Completely different, but no less enthralling, was Bernard MacLaverty's Midwinter Break. The Northern Irish writer's fifth novel to date follows a retired couple on a short holiday to Amsterdam. There they bicker and blunder, laugh and cry, reminisce and grumble. Eventually, one of them declares that "there's not that much marriage in us", at which crisis point the novel's title acquires a whole new meaning. This is a tragicomic gem with rare emotional power.
On the non-fiction front, Christopher de Hamel cast a spell with his wondrous labour of love, Meetings with Remarkable Manuscripts. Over the course of 600 informative and beautifully illustrated pages, de Hamel takes us on a tour of 12 illuminated manuscripts. They range from the sixth to the 16th centuries and include the Gospels of St Augustine and The Canterbury Tales. According to de Hamel, all manuscripts "have stories to divulge". I listened, rapt, as he narrated histories, shared secrets and awoke a dormant, distant past.
One outstanding book from the beginning of 2017 (in American publication-date terms) was Sarah Dunant's In the Name of the Family, her richly atmospheric historical novel about the Borgias, the notorious Italian Renaissance family. This particular dynasty has been the subject of innumerable histories and novels, and Dunant does a thought-provokingly immersive job of portraying them.
In the middle of the year, I encountered Streams of Gold, Rivers of Blood by Anthony Kaldellis, a great popular historian of Byzantium. Here he tells the story of the ancient city's rapid expansion in the second half of the 10th century to become the most powerful state in the larger Mediterranean region – only to collapse a century later and teeter on the brink of losing everything, beaten by the Normans at one end and the Seljuks at the other, and frittering from within. Kaldellis brings the whole sprawling Byzantine era to life; each of his books is a treat.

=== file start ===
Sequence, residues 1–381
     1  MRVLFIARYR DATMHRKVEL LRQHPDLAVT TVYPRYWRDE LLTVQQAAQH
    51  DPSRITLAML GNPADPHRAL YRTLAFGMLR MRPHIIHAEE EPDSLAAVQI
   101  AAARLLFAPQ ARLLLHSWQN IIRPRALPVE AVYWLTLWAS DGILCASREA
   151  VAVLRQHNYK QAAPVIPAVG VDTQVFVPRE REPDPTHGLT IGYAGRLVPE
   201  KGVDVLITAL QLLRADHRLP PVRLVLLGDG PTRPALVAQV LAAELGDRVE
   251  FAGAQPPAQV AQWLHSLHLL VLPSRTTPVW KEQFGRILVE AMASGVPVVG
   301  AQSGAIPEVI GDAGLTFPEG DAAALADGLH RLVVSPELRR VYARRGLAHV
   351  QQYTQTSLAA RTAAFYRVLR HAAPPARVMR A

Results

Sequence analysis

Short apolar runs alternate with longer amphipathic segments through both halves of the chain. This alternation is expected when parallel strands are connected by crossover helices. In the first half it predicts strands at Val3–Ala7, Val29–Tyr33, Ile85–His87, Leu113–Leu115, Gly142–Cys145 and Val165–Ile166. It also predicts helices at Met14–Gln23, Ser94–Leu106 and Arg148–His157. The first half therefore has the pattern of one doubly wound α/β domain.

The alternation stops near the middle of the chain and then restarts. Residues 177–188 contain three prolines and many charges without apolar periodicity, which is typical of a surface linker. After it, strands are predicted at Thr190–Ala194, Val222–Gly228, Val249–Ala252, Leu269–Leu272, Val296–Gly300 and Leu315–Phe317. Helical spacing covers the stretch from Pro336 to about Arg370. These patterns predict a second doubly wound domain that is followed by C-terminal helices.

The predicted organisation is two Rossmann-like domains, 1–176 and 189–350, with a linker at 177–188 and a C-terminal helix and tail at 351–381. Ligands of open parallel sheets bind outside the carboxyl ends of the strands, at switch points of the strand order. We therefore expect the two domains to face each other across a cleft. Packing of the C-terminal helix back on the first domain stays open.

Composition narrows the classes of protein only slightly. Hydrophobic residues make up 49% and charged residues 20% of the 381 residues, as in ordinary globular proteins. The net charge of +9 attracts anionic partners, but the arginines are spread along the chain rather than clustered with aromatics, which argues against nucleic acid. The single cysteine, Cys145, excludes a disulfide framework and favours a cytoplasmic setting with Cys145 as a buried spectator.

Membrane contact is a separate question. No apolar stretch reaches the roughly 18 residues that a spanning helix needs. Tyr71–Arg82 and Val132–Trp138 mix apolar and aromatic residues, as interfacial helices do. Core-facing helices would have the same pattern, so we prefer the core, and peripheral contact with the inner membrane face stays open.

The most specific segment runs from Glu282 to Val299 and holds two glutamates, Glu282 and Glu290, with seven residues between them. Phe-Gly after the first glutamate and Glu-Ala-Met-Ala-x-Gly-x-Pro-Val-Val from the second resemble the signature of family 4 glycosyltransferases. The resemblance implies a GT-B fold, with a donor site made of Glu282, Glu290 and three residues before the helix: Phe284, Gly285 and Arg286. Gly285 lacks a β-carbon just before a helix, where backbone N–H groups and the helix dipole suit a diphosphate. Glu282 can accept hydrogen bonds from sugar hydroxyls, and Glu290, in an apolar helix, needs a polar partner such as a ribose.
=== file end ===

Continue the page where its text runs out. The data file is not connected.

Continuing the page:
Toward the end of the year, I was tremendously impressed by a hefty new book by James Lewis called The Burr Conspiracy. Aaron Burr is infamous for killing Alexander Hamilton in a duel, but Lewis delves in unprecedented detail into Burr's lesser-known and nefarious-seeming adventures after he left the vice presidency in disgrace – misadventures that led to his trial for treason in 1807. This story, the long second career of the "fallen" founding father, was one of the most fascinating histories I read in 2017.
In a year that rewarded an unassumingly deserving Nobel laureate, Kazuo Ishiguro, and a good, if overrated Man Booker, George Saunders's Lincoln in the Bardo, two novels rose above all others. Mohsin Hamid's Exit West found bold ways to narrate 21st-century migration as both a human experience and global phenomenon. Beginning in an unnamed Middle Eastern country and ending in America, the path in-between was by turns magical, surreal, moving and sobering: "For when we migrate, we murder from our lives those we leave behind." The year ended with the spare lyricism of Han Kang's short but wondrous The White Book, which also crossed continents and extracted strange beauty from the briefest of lives and most oblique of (white) objects: swaddling bands, snow, ice, rice and the moon.
Given the extent to which contemporary lives are shaped by the politics of anger, Graham Allison's Destined for War offered a timely and absorbing, if not entirely convincing, thesis about present and future relations between China and America. A more piercing account of 21st-century China was offered by Howard French in Everything Under the Heavens, which locates its current ambitions within a long history of predominance within Asia.